Honorable Steve Kagen, M.D.

Wisconsin's former 8th District Representative

January 4, 2007 to December 22, 2010

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Marinette Marine wins Navy contract

Marinette Marine wins Navy contract
By Rick Barrett
Millwaukee Journal Sentinel
March 23, 2009

Marinette Marine and defense contractor Lockheed Martin Corp. have been awarded a U.S. Navy contract to build another combat ship similar to the USS Freedom launched last fall.

The award, for an unspecified amount of money, is expected to prevent several hundred layoffs at the Marinette shipyard, according to U.S. Rep. Steve Kagen, an Appleton Democrat.

But 170 employees laid off in the fall will not be recalled as a result of the contract, Kagen said.

Congress approved $1.02 billion for the Navy to purchase two littoral combat ships for fiscal-year 2009 that runs through September.

The Navy has budgeted for three more of the ships – designed for use in shallow, coastal waters – in 2010 and has said it eventually wants about 55 of them.

Marinette Marine officials were not available for comment late Monday afternoon when the contracts were announced.

The company already has done prefabrication work to build the next ship, Kagen said.

"These contracts will result in hundreds of millions of dollars flowing through northeast Wisconsin," he said.

Last fall, Marinette launched Freedom, the first of a new class of speedy, agile Navy ships. Built in partnership with Lockheed Martin, the $550 million ship was meant to be the first of a fleet of similar vessels.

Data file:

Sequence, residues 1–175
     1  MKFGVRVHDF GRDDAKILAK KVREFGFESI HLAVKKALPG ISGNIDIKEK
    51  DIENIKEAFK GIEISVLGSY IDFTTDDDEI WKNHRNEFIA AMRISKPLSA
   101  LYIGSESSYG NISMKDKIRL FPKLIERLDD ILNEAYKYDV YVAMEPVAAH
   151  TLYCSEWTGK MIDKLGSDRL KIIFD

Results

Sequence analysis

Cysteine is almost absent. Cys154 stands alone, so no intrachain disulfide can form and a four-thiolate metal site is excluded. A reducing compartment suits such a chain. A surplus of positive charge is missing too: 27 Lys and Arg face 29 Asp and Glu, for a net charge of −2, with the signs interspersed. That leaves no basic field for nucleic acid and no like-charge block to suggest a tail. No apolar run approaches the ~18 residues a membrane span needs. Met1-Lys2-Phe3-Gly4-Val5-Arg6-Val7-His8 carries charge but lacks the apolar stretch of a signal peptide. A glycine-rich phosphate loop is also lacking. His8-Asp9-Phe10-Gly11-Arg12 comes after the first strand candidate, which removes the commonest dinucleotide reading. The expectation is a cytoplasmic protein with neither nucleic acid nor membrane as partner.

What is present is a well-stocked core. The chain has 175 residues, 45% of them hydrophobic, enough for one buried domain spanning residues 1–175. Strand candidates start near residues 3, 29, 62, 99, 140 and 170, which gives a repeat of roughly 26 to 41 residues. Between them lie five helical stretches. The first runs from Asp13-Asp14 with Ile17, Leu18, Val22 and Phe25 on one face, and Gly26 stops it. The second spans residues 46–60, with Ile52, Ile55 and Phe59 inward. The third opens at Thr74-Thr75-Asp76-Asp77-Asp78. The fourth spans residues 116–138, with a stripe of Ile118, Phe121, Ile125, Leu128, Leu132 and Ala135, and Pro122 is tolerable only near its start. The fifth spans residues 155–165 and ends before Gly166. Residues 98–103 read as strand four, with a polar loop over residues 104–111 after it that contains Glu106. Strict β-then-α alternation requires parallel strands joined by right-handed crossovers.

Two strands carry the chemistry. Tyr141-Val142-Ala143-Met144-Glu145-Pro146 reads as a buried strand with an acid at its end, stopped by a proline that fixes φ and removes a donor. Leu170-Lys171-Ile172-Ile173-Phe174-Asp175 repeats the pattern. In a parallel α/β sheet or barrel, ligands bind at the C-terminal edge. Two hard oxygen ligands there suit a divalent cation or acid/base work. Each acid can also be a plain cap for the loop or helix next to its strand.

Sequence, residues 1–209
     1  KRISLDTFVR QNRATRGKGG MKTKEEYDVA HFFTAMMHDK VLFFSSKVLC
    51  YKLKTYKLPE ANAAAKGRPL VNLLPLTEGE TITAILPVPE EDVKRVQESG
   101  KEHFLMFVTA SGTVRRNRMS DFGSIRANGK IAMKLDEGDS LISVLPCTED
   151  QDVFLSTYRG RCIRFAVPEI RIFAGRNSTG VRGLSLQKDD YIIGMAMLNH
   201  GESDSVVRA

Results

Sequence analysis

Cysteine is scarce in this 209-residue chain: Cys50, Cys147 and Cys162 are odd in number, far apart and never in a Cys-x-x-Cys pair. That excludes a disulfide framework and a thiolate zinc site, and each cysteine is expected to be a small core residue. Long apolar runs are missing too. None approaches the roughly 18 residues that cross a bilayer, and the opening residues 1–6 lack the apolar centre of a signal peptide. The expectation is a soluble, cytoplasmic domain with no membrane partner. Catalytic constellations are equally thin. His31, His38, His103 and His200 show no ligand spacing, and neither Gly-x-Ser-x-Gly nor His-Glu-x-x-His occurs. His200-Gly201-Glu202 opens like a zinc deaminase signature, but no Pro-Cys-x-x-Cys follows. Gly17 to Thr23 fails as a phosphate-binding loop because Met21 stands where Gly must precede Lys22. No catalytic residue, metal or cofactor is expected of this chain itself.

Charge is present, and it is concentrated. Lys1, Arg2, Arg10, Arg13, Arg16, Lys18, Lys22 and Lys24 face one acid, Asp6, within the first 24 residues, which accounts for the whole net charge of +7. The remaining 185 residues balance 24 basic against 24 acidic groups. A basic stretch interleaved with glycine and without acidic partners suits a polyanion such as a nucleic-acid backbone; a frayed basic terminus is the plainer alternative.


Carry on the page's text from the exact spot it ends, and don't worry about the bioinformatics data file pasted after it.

Navy officials would not reveal the contract amount for the next littoral combat ship, to be named USS Fort Worth, saying they didn’t want to harm the competitive bidding process for future vessels.

General Dynamics Corp. is also under contract to build one version of the ship.

Freedom was dogged by cost overruns that more than doubled its original $220 million price tag.

In 2007, the Navy took the unusual step of terminating plans for contractors to build another one of the ships.

Marinette Marine, then owned by Manitowoc Co., said it was disappointed with the decision but wasn’t to blame for the problems.

The next ship is expected to cost less than Freedom, said Victor Chen, a Navy public affairs officer in Washington, D.C. That’s partly because of a fixed-priced contract and also because of experiences learned from building the first ship, he said.

USS Fort Worth is scheduled to be delivered to the Navy by Dec. 31, 2012.

The ship will be used within 200 miles of shorelines to neutralize pirates, mines and other threats. The key feature is the ability to switch quickly from one combat mode to another. For example, the ship may transform from a mine- or submarine-hunter to a surface war vessel.

Littoral combat ships require only 40 crewmembers, including just three people to operate the ship from the bridge.

There’s no steering wheel – levers handle that function. And instead of propellers, Freedom uses four water jets – two inboard, two outboard – to move through the water like a Jet Ski. The water jets are so powerful they could fill an Olympic-size swimming pool in 10 seconds, according to the Navy.


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